Because each version of the C# compiler contains extensions to the language specification, LangVersion doesn't give you the equivalent functionality of an earlier version of the compiler.
Additionally, while C# version updates generally coincide with major .NET Framework releases, the new syntax and features aren't necessarily tied to that specific framework version. While the new features definitely require a new compiler update that is also released alongside the C# revision, each specific feature has its own minimum .NET API or common language runtime requirements that may allow it to run on downlevel frameworks by including NuGet packages or other libraries.
Regardless of which LangVersion setting you use, use the current version of the common language runtime to create your .exe or .dll. One exception is friend assemblies and ModuleAssemblyName, which work under -langversion:ISO-1.
For other ways to specify the C# language version, see C# language versioning.
For information about how to set this compiler option programmatically, see LanguageVersion.
C# language specification
|C# 7.0 and later||Not currently available|
|C# 6.0||Link||C# Language Specification Version 6 - Unofficial Draft: .NET Foundation|
|C# 5.0||Download PDF||Standard ECMA-334 5th Edition|
|C# 3.0||Download DOC||C# Language Specification Version 3.0: Microsoft Corporation|
|C# 2.0||Download PDF||Standard ECMA-334 4th Edition|
|C# 1.2||Download DOC||C# Language Specification Version 1.2: Microsoft Corporation|
|C# 1.0||Download DOC||C# Language Specification Version 1.0: Microsoft Corporation|
Minimum SDK version needed to support all language features
The following table lists the minimum versions of the SDK with the C# compiler that supports the corresponding language version:
|C# version||Minimum SDK version|
|C# 8.0||Microsoft Visual Studio/Build Tools 2019, version 16.3, or .NET Core 3.0 SDK|
|C# 7.3||Microsoft Visual Studio/Build Tools 2017, version 15.7|
|C# 7.2||Microsoft Visual Studio/Build Tools 2017, version 15.5|
|C# 7.1||Microsoft Visual Studio/Build Tools 2017, version 15.3|
|C# 7.0||Microsoft Visual Studio/Build Tools 2017|
|C# 6||Microsoft Visual Studio/Build Tools 2015|
|C# 5||Microsoft Visual Studio/Build Tools 2012 or bundled .NET Framework 4.5 compiler|
|C# 4||Microsoft Visual Studio/Build Tools 2010 or bundled .NET Framework 4.0 compiler|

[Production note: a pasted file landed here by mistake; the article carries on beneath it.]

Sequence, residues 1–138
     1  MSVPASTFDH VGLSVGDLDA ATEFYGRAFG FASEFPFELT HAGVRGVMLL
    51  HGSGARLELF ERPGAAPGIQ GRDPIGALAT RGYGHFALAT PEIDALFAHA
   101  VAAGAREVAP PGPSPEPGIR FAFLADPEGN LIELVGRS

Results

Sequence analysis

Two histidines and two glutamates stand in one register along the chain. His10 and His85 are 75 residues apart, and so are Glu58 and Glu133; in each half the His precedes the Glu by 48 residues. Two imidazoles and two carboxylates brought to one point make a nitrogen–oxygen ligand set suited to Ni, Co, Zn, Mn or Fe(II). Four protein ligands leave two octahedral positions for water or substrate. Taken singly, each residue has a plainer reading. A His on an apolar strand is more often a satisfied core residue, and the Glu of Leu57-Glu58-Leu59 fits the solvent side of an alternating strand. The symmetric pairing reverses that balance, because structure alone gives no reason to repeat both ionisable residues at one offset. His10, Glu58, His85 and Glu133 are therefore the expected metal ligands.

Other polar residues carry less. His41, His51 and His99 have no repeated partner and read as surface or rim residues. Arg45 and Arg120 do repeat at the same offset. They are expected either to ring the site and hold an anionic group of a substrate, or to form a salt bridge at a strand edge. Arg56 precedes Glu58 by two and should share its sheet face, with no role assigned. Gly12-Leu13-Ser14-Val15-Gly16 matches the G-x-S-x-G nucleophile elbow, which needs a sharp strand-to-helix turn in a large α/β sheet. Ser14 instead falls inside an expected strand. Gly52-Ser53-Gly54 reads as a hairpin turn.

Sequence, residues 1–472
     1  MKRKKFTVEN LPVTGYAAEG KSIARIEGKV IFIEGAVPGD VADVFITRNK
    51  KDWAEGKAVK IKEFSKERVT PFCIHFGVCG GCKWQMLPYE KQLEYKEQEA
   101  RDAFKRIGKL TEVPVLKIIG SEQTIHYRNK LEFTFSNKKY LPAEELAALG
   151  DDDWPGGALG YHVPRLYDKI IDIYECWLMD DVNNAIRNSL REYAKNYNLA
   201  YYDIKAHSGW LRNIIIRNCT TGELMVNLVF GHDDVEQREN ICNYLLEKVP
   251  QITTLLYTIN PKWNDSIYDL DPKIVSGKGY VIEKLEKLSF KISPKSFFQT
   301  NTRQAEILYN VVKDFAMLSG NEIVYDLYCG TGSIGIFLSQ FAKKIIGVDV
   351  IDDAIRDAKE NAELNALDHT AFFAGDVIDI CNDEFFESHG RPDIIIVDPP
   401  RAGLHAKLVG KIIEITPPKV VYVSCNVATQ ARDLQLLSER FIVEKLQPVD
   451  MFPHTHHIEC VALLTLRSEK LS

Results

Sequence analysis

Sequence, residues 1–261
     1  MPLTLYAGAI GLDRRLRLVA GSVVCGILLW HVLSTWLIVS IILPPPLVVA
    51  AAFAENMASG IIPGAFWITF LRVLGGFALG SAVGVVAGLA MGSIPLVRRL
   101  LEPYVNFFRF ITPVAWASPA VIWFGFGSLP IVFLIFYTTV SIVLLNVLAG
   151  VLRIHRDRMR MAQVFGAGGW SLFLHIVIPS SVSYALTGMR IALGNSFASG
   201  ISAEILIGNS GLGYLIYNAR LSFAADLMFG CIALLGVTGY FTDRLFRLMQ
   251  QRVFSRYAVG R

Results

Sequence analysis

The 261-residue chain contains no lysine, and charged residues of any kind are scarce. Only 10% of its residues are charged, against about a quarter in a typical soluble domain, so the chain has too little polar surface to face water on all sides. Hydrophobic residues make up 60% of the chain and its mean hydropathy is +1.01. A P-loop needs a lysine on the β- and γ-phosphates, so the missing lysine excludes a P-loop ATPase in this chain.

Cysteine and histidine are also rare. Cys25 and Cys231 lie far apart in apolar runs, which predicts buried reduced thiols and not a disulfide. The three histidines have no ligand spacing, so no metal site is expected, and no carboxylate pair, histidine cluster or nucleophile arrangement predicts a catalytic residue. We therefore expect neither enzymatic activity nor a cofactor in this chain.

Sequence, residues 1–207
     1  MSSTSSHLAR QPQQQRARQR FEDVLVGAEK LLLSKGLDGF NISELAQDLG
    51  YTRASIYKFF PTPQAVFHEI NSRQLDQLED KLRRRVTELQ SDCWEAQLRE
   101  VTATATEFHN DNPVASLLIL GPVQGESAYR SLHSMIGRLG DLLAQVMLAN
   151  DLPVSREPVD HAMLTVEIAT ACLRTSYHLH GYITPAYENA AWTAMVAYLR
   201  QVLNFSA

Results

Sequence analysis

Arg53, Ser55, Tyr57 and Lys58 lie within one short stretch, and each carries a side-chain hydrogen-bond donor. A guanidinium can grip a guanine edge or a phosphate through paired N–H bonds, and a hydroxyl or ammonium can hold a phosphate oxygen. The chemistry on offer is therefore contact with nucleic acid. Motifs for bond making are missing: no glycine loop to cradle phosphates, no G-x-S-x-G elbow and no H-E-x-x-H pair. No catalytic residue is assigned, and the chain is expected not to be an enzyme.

|C# 3||Microsoft Visual Studio/Build Tools 2008 or bundled .NET Framework 3.5 compiler|
|C# 2||Microsoft Visual Studio/Build Tools 2005 or bundled .NET Framework 2.0 compiler|
|C# 1.0/1.2||Microsoft Visual Studio/Build Tools .NET 2002 or bundled .NET Framework 1.0 compiler|
The Nullable option lets you specify the nullable context.
The argument must be one of
enable argument enables the nullable context. Specifying
disable will disable the nullable context. When providing the
warnings argument the nullable warning context is enabled. When specifying the
annotations argument, the nullable annotation context is enabled.
Flow analysis is used to infer the nullability of variables within executable code. The inferred nullability of a variable is independent of the variable's declared nullability. Method calls are analyzed even when they're conditionally omitted. For instance, Debug.Assert in release mode.
Invocation of methods annotated with the following attributes will also affect flow analysis:
- Simple pre-conditions: AllowNullAttribute and DisallowNullAttribute
- Simple post-conditions: MaybeNullAttribute and NotNullAttribute
- Conditional post-conditions: MaybeNullWhenAttribute and NotNullWhenAttribute
- DoesNotReturnIfAttribute (for example,
DoesNotReturnIf(false)for Debug.Assert) and DoesNotReturnAttribute
- Member post-conditions: MemberNotNullAttribute(String) and MemberNotNullAttribute(String)
The global nullable context does not apply for generated code files. Regardless of this setting, the nullable context is disabled for any source file marked as generated. There are four ways a file is marked as generated:
- In the .editorconfig, specify
generated_code = truein a section that applies to that file.
<auto-generated/>in a comment at the top of the file. It can be on any line in that comment, but the comment block must be the first element in the file.
- Start the file name with TemporaryGeneratedFile_
- End the file name with .designer.cs, .generated.cs, .g.cs, or .g.i.cs.
Generators can opt-in using the
#nullable preprocessor directive.